NOTE 2015-03-21: I’ve realised that the sensors are susceptible to mains coupling through the power supply if it isn’t grounded. This is easily solved in our situation by grounding the zero-volt line to one of the central heating pipes on the pump.
I’ve been trying to figure out how to monitor when our heating system pumps and boiler/furnace are on. I know it sounds like I would just look at the thermostat but the boiler does some smart/funny stuff comparing the temperature of the out-flowing water to the returning water and turning off if there isn’t a big enough differential. So I started to think it would be good to monitor the pumps’ own power lines to see when they are actually on or off.
Sensing Mains Voltages/Currents
I’ve had this challenge several times before – safely interfacing a microcontroller to sense mains – and generally I’ve been happy with an intrusive approach such as a bridge and opto-isolator (which can be obtained in a single package).
However, I didn’t really want to hack into the wiring of the system at this stage so I started to look at non-invasive techniques such as the CT Sensors (split core transformer) commonly used in energy monitoring. The problem here is that the current may be low and the combination of hardware and electronics is a little bulky.
A quick look on Ebay will show up lots of cheap (some less than £2) voltage alerters. These are pens that electricians (or home owners) might use to sense wires in walls or check if a circuit is live. I figured that I could find out what electronics they used and copy it to make my own non-invasive voltage sensor. So I bought a bunch of them and pulled one apart.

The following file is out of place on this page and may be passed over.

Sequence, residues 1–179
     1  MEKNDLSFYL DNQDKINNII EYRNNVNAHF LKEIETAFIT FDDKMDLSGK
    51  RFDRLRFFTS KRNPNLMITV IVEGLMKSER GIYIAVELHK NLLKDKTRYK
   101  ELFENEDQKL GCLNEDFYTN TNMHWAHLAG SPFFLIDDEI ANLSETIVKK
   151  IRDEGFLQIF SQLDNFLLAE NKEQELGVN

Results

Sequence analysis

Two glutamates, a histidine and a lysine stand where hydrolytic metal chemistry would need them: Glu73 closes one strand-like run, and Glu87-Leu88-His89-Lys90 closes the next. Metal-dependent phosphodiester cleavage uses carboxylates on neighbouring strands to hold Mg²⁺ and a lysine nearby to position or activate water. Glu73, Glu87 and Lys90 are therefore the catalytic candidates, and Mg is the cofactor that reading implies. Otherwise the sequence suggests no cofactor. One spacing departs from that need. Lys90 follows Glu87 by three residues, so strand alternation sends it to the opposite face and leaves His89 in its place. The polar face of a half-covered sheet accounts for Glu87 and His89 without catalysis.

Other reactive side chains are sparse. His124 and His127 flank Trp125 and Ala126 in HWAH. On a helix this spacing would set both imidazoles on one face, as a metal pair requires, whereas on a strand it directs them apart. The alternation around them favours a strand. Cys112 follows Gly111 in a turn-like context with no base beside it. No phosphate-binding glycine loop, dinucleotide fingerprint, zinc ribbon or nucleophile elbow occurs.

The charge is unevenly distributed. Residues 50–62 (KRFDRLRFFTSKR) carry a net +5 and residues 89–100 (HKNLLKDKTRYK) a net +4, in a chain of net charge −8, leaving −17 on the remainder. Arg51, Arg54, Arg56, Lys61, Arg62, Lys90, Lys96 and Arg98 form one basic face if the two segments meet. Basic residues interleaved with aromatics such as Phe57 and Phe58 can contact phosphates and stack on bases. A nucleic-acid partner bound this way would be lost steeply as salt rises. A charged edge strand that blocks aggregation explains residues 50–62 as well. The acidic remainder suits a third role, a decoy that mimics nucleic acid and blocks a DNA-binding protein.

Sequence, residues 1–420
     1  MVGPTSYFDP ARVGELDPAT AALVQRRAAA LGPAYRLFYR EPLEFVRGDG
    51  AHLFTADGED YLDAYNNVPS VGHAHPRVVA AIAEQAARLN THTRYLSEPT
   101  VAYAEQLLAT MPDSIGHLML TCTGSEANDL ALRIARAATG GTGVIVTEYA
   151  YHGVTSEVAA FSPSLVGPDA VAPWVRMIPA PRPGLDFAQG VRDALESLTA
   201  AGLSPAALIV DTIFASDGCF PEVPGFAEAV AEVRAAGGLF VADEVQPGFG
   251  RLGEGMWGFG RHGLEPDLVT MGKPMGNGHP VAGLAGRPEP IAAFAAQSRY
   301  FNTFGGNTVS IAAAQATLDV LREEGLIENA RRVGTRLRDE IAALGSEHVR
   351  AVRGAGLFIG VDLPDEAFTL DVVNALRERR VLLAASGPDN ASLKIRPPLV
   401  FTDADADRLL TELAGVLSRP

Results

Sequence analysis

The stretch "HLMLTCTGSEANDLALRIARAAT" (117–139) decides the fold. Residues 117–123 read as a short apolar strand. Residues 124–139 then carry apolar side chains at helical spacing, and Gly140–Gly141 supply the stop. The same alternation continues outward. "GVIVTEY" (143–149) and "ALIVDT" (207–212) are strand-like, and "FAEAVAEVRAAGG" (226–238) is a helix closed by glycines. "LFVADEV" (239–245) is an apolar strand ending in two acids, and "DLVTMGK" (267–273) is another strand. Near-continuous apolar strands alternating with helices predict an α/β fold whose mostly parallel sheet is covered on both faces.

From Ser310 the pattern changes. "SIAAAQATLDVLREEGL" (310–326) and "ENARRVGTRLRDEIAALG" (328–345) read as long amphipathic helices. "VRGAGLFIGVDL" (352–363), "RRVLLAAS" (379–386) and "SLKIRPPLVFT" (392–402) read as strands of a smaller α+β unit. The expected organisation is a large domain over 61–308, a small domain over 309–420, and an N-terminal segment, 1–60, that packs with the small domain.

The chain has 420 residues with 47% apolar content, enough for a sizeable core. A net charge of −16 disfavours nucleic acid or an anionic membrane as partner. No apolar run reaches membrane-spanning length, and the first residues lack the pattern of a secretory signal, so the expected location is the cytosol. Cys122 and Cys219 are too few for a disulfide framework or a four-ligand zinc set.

I’d expected to find some single-purpose chip in there but actually it contained a 74HC14 CMOS Schmitt-trigger chip and some (quite a few actually) discrete components.
I started tracing out the circuit but quickly realised that to replicate this would take some time and, even if I made a PCB, the best I could do would be to replicate this working circuit and maybe combine several onto one PCB. By when combine them anyway when the cables they might sense are all in different places?
Hacking the Sensor
The only problem using the PCBs from the voltage alerters directly is that the PCBs are a little long. So I decided instead to get out the hacksaw and make them a bit smaller. It turns out that all the action is in the middle section in any case so it was pretty simple to do.
The only issue then was how to mount them. I simply decided to encase the whole thing in shrink-wrap and tie it to the relevant cables. So I traced the output (I used the line that drove the LED up near the front of the device) and battery terminal connections and wired them to a multicore cable. Then attached a length of insulated wire to where the probe was at the front of the alerter. It runs happily from 3.3V (I’m guessing since it’s 74HC logic that it will be ok at 5V too) and the output has a suitable logic level for the MBED I’m currently using.